On the imminent collapse of evangelical Christianity

Mar 17, 2018 by

by Trevin Wax, The Gospel Coalition.

Every month or so, I come across a news article or a new book that claims the evangelical movement is falling apart. We’re on the precipice of complete collapse, some say. “The Church in America is dying, dying I tell you!” We’re witnessing the last gasps of evangelical Christianity. The “nones” are on the rise, secularism is the future, and Christianity will soon be powerless.

Now, I would be the last person to deny the serious and persistent problems within the evangelical movement. It is true that many denominations (including my own) are in statistical decline. It’s also true that much of what passes for Christianity today is just a spiritualized version of moralistic therapeutic deism. And sadly, the sociological and political connotations to the word “evangelical” often engulf the significance of this renewal movement, inserting a wedge between its cultural and aspirational definitions.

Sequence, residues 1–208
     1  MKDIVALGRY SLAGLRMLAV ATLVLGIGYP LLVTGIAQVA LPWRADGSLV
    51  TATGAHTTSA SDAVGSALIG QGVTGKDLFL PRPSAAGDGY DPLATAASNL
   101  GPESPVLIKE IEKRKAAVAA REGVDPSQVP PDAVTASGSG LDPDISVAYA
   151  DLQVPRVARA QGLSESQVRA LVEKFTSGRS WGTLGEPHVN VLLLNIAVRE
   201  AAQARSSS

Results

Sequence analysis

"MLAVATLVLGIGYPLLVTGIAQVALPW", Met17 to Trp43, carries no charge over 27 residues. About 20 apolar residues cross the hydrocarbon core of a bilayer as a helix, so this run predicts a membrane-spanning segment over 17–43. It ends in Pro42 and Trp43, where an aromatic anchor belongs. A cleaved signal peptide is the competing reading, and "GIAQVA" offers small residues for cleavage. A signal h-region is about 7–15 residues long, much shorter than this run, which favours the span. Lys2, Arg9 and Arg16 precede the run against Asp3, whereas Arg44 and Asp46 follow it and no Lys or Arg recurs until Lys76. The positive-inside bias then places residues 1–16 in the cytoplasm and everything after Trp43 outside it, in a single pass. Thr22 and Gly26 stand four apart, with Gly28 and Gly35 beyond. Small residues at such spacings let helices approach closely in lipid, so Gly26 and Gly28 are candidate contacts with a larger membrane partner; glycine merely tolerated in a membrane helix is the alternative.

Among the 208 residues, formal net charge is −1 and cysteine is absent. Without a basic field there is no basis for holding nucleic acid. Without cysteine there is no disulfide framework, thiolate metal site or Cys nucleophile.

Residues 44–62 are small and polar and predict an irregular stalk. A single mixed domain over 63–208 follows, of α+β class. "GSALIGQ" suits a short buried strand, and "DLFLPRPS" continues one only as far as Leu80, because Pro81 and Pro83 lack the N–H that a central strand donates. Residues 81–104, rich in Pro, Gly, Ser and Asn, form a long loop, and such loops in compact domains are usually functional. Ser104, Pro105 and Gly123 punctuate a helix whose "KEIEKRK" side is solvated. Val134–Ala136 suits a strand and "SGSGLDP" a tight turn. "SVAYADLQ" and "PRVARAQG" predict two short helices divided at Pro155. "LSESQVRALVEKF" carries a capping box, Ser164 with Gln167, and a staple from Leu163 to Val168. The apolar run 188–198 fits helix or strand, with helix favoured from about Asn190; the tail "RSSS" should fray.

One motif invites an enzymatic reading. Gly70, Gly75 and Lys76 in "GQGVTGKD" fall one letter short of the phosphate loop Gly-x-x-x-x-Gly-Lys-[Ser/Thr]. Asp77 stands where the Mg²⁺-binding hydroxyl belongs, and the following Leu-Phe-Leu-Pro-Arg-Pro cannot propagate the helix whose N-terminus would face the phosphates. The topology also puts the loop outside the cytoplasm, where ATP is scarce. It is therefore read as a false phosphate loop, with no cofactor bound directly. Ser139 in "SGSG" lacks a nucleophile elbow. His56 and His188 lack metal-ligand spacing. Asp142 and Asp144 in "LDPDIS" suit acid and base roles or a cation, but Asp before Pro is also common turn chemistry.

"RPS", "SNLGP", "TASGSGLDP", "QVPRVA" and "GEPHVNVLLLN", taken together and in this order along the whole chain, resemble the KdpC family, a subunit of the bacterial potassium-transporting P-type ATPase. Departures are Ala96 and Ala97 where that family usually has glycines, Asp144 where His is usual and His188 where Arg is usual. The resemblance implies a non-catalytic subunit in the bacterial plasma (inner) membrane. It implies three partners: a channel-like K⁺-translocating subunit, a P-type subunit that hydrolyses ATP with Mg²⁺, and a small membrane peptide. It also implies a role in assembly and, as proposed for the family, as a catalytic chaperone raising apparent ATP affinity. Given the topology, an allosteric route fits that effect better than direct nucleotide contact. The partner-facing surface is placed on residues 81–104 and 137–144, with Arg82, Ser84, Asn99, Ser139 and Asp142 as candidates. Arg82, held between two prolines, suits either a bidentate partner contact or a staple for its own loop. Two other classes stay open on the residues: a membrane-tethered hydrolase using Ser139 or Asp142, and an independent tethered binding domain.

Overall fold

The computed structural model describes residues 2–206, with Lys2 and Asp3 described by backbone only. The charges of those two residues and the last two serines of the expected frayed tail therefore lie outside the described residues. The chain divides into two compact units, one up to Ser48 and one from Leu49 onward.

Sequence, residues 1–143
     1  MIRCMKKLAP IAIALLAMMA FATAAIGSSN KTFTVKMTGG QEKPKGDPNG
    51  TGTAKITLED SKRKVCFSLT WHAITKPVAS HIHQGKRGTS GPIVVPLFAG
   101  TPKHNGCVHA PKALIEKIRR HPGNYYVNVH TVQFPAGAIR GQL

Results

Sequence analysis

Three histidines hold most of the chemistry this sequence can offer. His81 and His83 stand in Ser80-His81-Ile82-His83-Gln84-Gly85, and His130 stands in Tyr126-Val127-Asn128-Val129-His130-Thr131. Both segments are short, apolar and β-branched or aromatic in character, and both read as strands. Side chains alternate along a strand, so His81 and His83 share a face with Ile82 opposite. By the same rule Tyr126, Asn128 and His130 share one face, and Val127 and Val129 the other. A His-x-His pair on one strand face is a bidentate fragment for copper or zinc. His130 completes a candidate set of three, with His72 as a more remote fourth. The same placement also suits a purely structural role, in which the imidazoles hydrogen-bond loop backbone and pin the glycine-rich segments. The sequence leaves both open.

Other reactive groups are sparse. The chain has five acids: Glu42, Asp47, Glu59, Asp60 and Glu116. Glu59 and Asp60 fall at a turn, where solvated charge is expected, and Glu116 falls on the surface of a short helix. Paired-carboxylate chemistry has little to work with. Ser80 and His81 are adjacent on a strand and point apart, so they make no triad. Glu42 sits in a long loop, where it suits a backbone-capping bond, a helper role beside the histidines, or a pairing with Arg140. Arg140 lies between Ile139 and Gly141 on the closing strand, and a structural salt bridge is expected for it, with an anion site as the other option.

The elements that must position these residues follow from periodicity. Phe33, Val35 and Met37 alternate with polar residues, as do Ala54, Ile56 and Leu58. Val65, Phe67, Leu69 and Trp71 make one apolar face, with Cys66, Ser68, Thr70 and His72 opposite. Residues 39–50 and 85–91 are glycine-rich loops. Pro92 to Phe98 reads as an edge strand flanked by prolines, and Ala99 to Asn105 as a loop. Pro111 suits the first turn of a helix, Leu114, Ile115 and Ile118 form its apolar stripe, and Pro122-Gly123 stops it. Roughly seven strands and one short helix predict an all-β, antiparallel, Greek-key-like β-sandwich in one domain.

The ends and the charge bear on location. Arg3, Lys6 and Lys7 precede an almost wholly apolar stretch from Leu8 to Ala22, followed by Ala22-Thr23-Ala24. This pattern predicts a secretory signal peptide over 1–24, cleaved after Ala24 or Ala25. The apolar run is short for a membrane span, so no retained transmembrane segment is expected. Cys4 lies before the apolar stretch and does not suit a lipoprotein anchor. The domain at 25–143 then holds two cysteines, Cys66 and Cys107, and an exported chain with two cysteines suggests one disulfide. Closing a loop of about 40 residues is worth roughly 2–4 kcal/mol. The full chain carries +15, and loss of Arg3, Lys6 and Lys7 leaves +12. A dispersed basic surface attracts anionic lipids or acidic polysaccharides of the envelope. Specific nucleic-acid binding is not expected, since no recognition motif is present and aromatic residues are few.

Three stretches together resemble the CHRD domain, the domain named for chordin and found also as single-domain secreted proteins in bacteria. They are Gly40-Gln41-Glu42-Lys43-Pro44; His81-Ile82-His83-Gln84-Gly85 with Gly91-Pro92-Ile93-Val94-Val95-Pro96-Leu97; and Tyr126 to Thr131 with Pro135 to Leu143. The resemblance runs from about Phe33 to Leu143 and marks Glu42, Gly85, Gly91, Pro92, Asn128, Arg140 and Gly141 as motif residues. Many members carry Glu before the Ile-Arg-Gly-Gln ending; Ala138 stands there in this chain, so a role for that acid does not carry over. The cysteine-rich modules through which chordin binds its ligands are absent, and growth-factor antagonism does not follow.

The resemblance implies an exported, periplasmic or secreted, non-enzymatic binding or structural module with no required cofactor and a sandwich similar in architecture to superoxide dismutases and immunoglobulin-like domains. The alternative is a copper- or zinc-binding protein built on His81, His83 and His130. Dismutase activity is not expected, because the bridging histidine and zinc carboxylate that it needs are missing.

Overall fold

Do we face significant challenges? Yes. And that’s been true of the Church in every generation.

Are we on the verge of immediate collapse? No. And the older I get, the more tiresome these predictions become.

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